Good to know that about the RAM speed. You really should include that in a sticky. I have not seen that listed anywhere before and that includes the 8 or 10 review sites that show DDR3 1600 cas 9 as the optimal memory for Sandy Bridge.

Just curious but what errors were you having with your CPU? I have been trying to help a guy on the forums for about 2 weeks with a 2600K that might be bad. He is on his second Asus P8-Z68 Pro and still can not boot.

Long thread but here is the link.

http://www.tomshardware.com/forum/323126-28-2600k-pinni...
a c 113 B Homebuilt system
a b } Memory
January 17, 2012 11:20:32 PM

I'll work on including that in my guide, and spread the word a bit more :) 
January 18, 2012 12:22:53 AM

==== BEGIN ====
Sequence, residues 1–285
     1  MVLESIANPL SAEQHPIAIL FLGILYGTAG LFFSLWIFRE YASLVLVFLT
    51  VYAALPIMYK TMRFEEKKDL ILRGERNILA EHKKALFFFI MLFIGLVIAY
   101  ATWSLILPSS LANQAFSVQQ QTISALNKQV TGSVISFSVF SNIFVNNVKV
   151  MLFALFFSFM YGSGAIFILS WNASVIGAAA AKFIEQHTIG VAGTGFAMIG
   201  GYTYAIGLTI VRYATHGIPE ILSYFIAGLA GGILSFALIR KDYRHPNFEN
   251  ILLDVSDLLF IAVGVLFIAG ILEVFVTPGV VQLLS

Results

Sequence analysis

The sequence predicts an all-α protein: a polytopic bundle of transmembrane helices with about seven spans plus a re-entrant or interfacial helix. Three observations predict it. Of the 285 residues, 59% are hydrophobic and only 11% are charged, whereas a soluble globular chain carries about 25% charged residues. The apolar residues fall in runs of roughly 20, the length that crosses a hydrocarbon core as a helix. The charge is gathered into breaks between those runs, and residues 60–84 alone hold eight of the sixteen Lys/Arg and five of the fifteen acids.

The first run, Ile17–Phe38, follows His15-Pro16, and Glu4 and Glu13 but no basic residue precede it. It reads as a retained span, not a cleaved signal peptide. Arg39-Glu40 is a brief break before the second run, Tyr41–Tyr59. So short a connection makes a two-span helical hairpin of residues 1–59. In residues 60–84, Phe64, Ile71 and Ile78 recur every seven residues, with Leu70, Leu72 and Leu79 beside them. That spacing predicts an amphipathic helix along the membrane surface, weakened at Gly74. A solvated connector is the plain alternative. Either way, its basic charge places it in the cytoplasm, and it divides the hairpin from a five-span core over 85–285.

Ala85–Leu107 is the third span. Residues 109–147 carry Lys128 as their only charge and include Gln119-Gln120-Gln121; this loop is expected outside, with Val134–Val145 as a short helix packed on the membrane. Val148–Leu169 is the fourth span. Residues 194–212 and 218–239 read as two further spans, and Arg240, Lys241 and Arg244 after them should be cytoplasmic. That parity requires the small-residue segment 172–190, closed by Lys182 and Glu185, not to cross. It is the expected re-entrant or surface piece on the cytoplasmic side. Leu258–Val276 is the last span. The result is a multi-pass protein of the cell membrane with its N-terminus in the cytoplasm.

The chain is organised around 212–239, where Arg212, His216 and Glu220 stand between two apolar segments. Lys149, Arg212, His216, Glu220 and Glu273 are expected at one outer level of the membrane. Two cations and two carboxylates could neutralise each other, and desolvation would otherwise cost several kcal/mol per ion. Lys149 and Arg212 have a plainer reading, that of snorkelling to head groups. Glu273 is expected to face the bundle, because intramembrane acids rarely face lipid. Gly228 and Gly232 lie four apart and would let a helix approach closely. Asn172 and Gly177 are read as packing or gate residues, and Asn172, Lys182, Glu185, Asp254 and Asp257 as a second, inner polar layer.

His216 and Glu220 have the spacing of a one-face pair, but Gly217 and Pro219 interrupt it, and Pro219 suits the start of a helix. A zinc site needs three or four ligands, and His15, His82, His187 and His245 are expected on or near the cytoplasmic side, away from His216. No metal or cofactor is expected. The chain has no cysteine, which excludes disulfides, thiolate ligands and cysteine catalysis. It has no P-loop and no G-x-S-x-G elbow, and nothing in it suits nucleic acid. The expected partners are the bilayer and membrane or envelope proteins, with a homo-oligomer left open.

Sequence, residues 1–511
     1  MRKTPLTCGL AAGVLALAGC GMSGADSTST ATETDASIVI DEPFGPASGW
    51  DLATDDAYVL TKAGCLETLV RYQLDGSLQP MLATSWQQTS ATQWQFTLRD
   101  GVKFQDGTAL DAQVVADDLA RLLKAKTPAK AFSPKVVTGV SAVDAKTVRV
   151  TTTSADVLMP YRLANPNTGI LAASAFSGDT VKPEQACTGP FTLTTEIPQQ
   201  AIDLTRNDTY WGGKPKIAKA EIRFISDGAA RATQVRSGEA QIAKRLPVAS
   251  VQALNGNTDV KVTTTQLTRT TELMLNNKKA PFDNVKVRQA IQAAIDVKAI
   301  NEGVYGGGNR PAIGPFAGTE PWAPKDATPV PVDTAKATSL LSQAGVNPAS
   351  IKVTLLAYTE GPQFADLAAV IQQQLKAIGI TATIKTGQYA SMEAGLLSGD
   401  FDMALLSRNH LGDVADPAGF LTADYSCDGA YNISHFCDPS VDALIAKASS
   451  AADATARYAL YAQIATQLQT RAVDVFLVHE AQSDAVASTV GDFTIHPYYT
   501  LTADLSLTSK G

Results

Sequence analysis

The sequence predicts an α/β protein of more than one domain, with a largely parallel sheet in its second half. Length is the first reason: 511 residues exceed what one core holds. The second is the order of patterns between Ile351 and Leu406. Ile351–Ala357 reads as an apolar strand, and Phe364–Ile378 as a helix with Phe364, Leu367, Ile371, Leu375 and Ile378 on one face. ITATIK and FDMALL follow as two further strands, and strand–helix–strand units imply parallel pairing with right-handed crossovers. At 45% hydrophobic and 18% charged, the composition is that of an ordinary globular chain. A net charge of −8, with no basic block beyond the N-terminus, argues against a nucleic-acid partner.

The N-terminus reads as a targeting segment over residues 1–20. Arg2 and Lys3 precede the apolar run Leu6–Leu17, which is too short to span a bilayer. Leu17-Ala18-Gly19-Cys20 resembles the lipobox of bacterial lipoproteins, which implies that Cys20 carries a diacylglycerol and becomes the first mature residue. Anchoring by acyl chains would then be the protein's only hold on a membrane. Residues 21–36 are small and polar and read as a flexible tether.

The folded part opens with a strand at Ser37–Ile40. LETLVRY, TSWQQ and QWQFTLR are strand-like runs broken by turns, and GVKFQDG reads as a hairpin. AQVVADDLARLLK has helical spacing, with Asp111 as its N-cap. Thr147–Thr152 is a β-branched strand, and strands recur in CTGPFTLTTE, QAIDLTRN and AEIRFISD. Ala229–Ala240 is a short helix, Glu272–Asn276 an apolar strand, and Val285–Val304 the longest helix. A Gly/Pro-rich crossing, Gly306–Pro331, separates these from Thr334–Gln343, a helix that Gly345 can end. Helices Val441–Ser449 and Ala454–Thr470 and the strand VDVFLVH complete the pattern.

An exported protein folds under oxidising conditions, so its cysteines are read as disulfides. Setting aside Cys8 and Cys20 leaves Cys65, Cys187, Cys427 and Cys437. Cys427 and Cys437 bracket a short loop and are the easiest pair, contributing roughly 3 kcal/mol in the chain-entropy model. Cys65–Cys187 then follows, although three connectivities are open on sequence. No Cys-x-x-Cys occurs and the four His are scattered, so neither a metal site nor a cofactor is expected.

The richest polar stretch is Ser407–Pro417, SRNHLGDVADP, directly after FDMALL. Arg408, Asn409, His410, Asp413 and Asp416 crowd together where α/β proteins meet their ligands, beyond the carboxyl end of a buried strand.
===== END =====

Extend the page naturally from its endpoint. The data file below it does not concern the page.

didn't know after you run higher then 1333mhz you void your warranty that sucks...wait where you over clocking because you said after 1333mhz you voided your warranty so did you get the RMA? Even though this incident happened it doesn't changed my mind about Intel beside the fact that it's pretty dumb they don't not to tell people that after 1333mhz they void your warranty, etc. I'm still purchasing my processor from them just not over clocking, not because of what you said but because I don't feel it's necessary. Thanks for the info too. :) 
a b B Homebuilt system
a b } Memory
January 18, 2012 12:36:59 AM

I remember the olden days (my 3500+) where your warranty was void if you didn't use the included HSF. Any aftermarket HSF would void your warranty. Not sure they still follow that or not.

Would like to point out that you shouldn't OC out of the box. You should always run stock for a couple of weeks to make sure you don't have any flaky parts. Get to know your rig before you start pushing it.